I think if you asked most people, they wouldn't give a hoot whether their flying car was actually road-registerable. It's really more about the ability to jump in a personal vehicle and fly from A to B, soaring above traffic and skipping all the toll booths and speed cameras on the ground.
In that spirit, it's probably worth considering these two flying saucer-type devices that offer a glimpse into what might be possible.
Where's Elroy got to? The Jetson is a one-man, VTOL flying saucer with a 10-foot flight ceiling and a fly-by-wire-system that basically just requires the pilot to push a stick in whatever direction he/she wants to go, and does the rest automatically. It can be road registered in a limited fashion, it can travel around 100 miles in the air at a max speed of 100mph – and there's talk of an M200E kit version that doesn't have the software-imposed 10-foot flight ceiling. In 2009, these nifty flying saucers were being auctioned on eBay with a US$150,000 reserve.
A little less exciting due to its 5 foot (1.5m) flight celiing, the Entecho device is nonetheless worthy of inclusion. It uses a cylindrical fan for elevation, and a flexible skirt for steering. A small prototype has been flown, but we couldn't get in touch with Entecho to find out how its full-size prototype is coming along. More about the Entecho Hoverpod.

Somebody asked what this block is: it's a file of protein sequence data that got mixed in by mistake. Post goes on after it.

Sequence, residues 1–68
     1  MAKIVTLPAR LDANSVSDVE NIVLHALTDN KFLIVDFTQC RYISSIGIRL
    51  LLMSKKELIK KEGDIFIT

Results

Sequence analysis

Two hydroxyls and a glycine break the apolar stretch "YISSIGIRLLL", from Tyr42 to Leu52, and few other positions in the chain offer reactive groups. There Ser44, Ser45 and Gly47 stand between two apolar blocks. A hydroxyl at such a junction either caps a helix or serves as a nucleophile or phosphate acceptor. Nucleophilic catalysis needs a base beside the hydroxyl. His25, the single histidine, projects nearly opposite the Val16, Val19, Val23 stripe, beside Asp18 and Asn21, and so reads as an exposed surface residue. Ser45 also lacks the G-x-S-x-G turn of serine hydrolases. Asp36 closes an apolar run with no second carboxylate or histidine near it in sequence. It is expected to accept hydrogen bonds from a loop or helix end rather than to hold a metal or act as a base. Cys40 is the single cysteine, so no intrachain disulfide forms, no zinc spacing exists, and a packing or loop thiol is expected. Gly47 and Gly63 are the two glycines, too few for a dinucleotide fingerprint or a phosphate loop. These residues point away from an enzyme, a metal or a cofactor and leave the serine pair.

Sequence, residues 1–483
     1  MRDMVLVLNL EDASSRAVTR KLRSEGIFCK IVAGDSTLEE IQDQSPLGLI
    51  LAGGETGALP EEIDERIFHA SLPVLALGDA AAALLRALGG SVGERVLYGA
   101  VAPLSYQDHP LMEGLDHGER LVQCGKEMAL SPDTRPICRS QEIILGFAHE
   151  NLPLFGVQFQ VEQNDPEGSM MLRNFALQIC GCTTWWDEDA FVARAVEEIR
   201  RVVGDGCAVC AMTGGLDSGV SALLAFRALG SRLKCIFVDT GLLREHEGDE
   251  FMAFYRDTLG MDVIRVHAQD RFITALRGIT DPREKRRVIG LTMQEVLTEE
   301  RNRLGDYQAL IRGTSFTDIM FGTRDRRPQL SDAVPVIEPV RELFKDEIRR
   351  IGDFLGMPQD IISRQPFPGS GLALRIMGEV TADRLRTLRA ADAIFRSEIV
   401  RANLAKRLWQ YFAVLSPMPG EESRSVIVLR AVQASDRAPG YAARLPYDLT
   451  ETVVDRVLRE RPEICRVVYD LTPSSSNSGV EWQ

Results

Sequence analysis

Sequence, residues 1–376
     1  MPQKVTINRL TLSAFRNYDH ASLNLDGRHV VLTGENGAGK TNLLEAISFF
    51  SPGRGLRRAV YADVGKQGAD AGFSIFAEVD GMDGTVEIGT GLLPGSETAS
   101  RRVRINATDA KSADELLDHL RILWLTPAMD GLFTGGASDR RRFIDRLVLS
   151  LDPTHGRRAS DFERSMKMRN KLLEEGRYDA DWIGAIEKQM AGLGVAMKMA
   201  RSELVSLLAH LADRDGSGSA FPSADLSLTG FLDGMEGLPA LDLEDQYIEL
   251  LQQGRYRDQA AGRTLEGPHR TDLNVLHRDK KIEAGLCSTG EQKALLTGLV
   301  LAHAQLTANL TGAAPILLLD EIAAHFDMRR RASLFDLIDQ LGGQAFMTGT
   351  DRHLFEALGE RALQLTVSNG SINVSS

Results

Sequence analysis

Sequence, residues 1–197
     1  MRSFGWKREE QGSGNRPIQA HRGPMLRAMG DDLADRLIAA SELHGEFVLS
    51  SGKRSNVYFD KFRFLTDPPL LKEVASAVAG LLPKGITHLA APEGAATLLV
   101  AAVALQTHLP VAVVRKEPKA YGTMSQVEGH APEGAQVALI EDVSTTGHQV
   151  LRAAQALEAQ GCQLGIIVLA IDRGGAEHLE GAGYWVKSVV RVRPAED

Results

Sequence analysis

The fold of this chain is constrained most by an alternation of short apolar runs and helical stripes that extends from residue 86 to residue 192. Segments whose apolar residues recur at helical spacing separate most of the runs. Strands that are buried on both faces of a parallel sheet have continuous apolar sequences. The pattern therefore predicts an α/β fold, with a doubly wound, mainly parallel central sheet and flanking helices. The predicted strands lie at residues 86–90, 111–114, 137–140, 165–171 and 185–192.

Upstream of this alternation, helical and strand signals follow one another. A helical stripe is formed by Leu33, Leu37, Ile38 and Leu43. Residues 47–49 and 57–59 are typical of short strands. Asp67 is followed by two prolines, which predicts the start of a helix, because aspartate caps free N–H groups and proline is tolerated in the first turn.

A lot of the hassle in getting a flying car onto the market comes with the dual compliance you need to get to register it both as an airplane and as a road vehicle. In the case of cars, you can't sell a car in the US without a whole bunch of safety features that end up weighing it down and making it a very expensive proposition.
Motorcycles, though, exist in a wonderful class of their own - they're recognized as a high-risk vehicle both by riders and the government, so there's much less to do to get a bike registered on the road than with a car. Multi-mode vehicle makers have taken advantage of this by designing flying three-wheelers that satisfy both the FAA and the DMV. Here's a few significant flying motorcycles:
The Super Sky Cycle is about as bare-bones as it comes. It rides the highway as a trike, and takes to the sky as a simple gyroplane. It's already road-registered and on sale in the USA for less than 40 grand if you buy it as a kit. It fits happily into the average garage, being around the size and height of a panel van, and it takes just a couple of minutes to whip out the wings, switch the drivetrain over to flight mode, and get yourself in the air. Yeeee-haaaa! More about Larry Neal's Super Sky Cycle.
It's a pity this one never made it off the ground. Dubbed the '"Flying Ducati", the idea was to lift the AirBike off the ground using vectored thrust from a couple of contra-rotating ducted fans. Radio-controlled prototypes were made and crashed, then re-made better, and the last we heard, Allied was looking into making a full-scale prototype for testing. Range was going to be more than 2,000km, and maneuverability looked great, making it an exciting concept.
Sadly, despite having been working on the SkyBike from at least 1984 until 2003, the trail runs cold and the AeroBiker website now has nothing but a placeholder. More about Allied Aerotechnics' VTOL Airbike.